I also recommend Digital Ocean. Their $5.00 per month droplet, a virtual private server, is excellent. Warning though - there is a bit of a learning curve. The droplet ( their name for your server ) is a blank slate. You pick the OS - for example I go with Ubuntu 16.04 on my droplets. If you use Let’s Encrypt your SSL certificate is free, again that is the route I take. I also install nginx for the server, PHP, MariaDb for the database, and phpmyadmin to administer it.

Digital Ocean has some of the best tutorials for learning all this stuff that I have seen.

But back to the warning - there is no cPanel - you install and configure everything via a SSH terminal. Great skill to know but takes a bit of time to learn. The only thing they do have in a panel for you is an editor to manage your DNS records, and that works well.


I would consider what you want to do. I don’t think Node.js works on GoDaddy or Hostgator, but if all you are doing is running PHP scripts, you would be fine. I personally like Digital Ocean. The server is extremely flexible, you can run Node, Python, Wordpress, PHP, or whatever. Also, for about $5.36 a month (hourly based pay is weird sometimes), it is very affordable and a great way to learn valuable skills.

It’s good to hear lots of personal experiences on hosting sites and I value all of your opinion. Dreamhost sounds appealing in overall but as I don’t find myself good at server admin side it’s difficult to measure the level of expertise required in that part.

I appreciate you all! :clap:

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Digital Ocean is a good choice if you want a lot of control and you’re prepared to SSH in.
(They’re running Hacktoberfest this month, so be sure to do a few pull requests to get a free developer T shirt) offer some nice packages with an easy to use control panel.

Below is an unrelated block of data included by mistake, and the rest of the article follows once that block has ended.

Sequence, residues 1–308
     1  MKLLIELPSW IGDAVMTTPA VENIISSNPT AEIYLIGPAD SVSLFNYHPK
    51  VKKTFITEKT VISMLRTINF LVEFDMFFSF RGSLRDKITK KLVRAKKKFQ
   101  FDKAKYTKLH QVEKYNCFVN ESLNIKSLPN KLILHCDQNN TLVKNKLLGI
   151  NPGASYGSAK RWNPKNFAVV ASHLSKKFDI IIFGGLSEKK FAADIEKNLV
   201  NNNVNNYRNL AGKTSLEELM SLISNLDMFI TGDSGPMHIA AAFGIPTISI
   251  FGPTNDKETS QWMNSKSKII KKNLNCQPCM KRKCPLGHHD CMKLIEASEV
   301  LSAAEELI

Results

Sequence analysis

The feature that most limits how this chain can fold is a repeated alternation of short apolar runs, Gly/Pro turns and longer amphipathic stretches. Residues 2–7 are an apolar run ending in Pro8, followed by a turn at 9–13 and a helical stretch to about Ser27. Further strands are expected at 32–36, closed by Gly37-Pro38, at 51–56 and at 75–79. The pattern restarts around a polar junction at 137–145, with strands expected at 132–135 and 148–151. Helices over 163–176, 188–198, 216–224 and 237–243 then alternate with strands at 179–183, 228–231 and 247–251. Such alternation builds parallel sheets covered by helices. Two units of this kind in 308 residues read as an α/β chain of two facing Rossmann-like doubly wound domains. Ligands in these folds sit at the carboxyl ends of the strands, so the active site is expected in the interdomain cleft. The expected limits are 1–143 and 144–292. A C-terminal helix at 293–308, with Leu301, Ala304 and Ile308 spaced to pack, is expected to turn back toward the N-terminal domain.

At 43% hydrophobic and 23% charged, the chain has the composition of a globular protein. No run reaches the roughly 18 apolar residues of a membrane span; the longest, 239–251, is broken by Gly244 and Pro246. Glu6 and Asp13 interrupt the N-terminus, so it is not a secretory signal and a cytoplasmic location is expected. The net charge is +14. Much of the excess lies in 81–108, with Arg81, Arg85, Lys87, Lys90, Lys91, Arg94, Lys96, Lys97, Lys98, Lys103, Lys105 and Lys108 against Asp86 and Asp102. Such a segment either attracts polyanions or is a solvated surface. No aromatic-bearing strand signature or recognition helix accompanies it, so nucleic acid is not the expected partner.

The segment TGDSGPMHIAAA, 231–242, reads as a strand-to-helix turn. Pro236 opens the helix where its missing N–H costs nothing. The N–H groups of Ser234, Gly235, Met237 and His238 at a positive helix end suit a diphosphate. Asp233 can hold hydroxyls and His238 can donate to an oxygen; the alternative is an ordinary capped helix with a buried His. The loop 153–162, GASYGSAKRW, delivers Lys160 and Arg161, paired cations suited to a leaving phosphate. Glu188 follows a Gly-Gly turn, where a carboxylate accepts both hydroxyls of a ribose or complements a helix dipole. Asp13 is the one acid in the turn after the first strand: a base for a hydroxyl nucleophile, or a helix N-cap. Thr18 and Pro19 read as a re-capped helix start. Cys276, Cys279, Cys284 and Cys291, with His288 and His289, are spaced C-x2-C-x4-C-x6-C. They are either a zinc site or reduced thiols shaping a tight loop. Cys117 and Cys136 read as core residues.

Enjoy. Let us know how you get on.

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I used github pages for mine. I used to host through bluehost, but it was expensive. github pages is free and easy to set up.

It’s great to see everyone talking about their experiences with web hosting. I’m just jumping in as a moderator to remind everyone that the forums are not to be used to promote goods or services for profit, either directly or through affiliate links. Spammers can take advantage of honest questions like this, so if you feel that a response is a marketing attempt, please flag it.

Carry on!


There’s no command line because there’s no server. Neocities is “just hosting”. They have site-wide TLS certificates, it’s https only. In my opinion, it’s best to avoid running your own servers unless you really need to - it’s too hard to do well unless you actually want to eventually learn everything about running servers. Personally, I’ve made a conscious choice to be a programmer and not a server admin - as much as possible, I don’t want to care how it works. Once I’ve written the code, and it works, I want it to just keep working (and if it doesn’t, I want it to be someone else’s job to fix it).

I have my main site deployed to Netlify, which is what I’d really recommend to anyone interested in deploying serious static sites. For hosting the node projects, I’ve had no problems with Heroku and mLab, which both have a free tier. If you just need a virtual box, you can get 12 months of a single EC2 instance for free from AWS with a new account - you also get lots of free credits to play with their other services such as databases, the load balancer (I think you can have them manage TLS for you and have it terminate at the balancer, but I haven’t tried it yet) and their lambda ‘serverless’ framework.